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Remembering Slave Housing


I was in Louisiana once, visiting a plantation where slave housing still existed. And I saw what I still think is one of the most remarkable things I’ve ever seen. Most slave housing of course doesn’t exist anymore because it was cheap, usually wood, and never taken care of. But on this plantation, the housing was made of brick and it still stood. Under slavery, this brick house was divided into two with a big wall in the middle. Probably 8-10 people were living on each side of this house, filling up every inch of overcrowded space. But during Reconstruction, someone, taking over the whole house for their family, chopped a whole through that wall with a sledgehammer, creating a doorway connecting the two sides of the house. You can still see that today. I thought, what power in that hole. What a sign of agency and of making your life better. It’s so hard to get a kind of day-to-day physical manifestation of Reconstruction, as limited as it was for Black freedom. But this was it. It really blew my mind.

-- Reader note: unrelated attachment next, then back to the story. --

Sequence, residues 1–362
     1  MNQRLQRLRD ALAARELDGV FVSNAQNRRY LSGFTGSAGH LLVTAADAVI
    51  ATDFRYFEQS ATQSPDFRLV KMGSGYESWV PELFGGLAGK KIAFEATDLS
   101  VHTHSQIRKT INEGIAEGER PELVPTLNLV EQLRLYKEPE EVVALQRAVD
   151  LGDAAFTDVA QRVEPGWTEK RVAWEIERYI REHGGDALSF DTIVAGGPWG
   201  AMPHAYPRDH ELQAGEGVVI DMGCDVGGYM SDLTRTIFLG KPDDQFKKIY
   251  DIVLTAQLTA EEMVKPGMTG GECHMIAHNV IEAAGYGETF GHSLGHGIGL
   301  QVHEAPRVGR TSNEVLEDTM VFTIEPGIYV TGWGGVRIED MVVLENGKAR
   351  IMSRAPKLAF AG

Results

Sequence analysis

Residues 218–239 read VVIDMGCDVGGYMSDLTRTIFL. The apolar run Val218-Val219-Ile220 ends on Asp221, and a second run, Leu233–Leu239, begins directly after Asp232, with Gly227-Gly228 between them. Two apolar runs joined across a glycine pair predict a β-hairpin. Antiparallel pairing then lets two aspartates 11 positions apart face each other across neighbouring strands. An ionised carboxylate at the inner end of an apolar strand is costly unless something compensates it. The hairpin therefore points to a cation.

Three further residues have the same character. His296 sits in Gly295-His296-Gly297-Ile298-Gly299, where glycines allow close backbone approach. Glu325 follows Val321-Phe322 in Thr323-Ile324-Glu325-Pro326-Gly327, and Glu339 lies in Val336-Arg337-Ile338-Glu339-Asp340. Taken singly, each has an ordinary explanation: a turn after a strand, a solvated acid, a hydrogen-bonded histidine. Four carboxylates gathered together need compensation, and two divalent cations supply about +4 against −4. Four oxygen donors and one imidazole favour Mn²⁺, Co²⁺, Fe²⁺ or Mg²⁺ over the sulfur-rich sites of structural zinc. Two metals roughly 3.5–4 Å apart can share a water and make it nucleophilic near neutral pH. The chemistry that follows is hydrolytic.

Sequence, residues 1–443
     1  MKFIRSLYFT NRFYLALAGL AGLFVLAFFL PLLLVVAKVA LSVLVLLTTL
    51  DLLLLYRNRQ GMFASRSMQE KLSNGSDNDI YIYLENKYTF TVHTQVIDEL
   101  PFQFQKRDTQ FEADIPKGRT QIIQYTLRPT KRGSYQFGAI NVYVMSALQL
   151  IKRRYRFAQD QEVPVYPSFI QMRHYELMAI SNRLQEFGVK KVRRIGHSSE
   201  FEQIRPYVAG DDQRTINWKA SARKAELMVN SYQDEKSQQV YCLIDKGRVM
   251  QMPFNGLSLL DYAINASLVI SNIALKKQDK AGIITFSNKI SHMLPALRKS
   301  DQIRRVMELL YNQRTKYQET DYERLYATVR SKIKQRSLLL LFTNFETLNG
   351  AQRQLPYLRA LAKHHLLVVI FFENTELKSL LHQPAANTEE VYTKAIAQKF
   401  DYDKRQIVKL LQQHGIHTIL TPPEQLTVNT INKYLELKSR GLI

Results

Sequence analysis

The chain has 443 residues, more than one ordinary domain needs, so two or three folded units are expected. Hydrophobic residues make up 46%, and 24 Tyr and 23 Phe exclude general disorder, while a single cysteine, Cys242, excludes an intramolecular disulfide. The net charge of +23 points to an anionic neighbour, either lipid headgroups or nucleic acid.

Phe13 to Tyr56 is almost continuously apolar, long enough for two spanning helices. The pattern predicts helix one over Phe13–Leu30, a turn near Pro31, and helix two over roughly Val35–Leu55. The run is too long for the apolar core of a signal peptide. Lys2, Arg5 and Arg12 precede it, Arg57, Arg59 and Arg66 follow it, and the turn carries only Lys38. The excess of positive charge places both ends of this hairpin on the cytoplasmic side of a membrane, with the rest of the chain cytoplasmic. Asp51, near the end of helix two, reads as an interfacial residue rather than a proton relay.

Anyway, I was reminded of that when reading this story about an architect who is going around and documenting whatever still existing slave housing she can find.

Since 2012, Hill has surveyed hundreds of structures that she believes once served as a home to enslaved African Americans. More often than not, the buildings bear no visible trace of their past; many have been converted into garages, offices, or sometimes—unnervingly—bed-and-breakfasts. In some cases the structures have fallen into ruin or vanished entirely, leaving behind a depression in the ground.

Hill is determined to build a first-of-its-kind database that honors and preserves these spaces in more than memory, and to unite the houses with the stories of people who once inhabited them. As she sees it, such a repository is long overdue. “There has never been a national survey of slave houses, except for the one I’m trying to do,” Hill says.

Scholars who study the horrors of American slavery agree. “Slavery is largely invisible in the [current] Southern landscape, and therefore easy to ignore or forget,” Damian Pargas, a historian from Leiden University who specializes in slavery, writes in an email.

“What Jobie is doing is great, and certainly necessary,” says Joe McGill, the founder of The Slave Dwelling Project, which hosts overnight stays in former slave cabins. “These are buildings history has long overlooked, because they do not make the white male a hero.”

Indeed, this is powerful, important work.

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